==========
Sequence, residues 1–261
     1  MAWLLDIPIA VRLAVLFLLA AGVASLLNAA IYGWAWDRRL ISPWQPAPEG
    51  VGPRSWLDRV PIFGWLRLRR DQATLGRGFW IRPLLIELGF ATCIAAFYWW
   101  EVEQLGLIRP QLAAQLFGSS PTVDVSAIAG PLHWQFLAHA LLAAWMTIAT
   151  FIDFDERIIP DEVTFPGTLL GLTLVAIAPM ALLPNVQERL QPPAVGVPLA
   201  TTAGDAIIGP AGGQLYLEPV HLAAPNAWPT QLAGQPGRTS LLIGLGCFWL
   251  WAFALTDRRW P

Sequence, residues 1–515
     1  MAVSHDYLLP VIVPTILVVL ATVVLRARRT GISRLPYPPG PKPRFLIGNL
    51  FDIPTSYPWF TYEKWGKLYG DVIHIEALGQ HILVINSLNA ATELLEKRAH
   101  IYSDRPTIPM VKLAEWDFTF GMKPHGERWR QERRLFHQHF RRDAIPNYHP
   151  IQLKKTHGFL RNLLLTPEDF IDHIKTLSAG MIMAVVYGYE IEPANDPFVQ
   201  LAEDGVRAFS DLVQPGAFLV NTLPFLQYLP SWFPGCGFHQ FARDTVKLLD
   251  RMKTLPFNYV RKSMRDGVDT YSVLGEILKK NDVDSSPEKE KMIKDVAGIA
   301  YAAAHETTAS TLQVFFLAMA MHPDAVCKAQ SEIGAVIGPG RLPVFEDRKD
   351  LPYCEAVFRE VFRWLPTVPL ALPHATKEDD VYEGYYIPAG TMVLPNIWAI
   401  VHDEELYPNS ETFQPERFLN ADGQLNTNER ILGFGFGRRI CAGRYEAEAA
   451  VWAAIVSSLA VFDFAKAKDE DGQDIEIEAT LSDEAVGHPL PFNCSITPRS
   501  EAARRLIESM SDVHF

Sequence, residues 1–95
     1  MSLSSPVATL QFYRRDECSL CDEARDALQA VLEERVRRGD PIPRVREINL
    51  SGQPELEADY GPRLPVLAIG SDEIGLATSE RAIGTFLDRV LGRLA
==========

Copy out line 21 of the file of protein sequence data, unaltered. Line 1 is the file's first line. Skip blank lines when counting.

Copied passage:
     1  MSLSSPVATL QFYRRDECSL CDEARDALQA VLEERVRRGD PIPRVREINL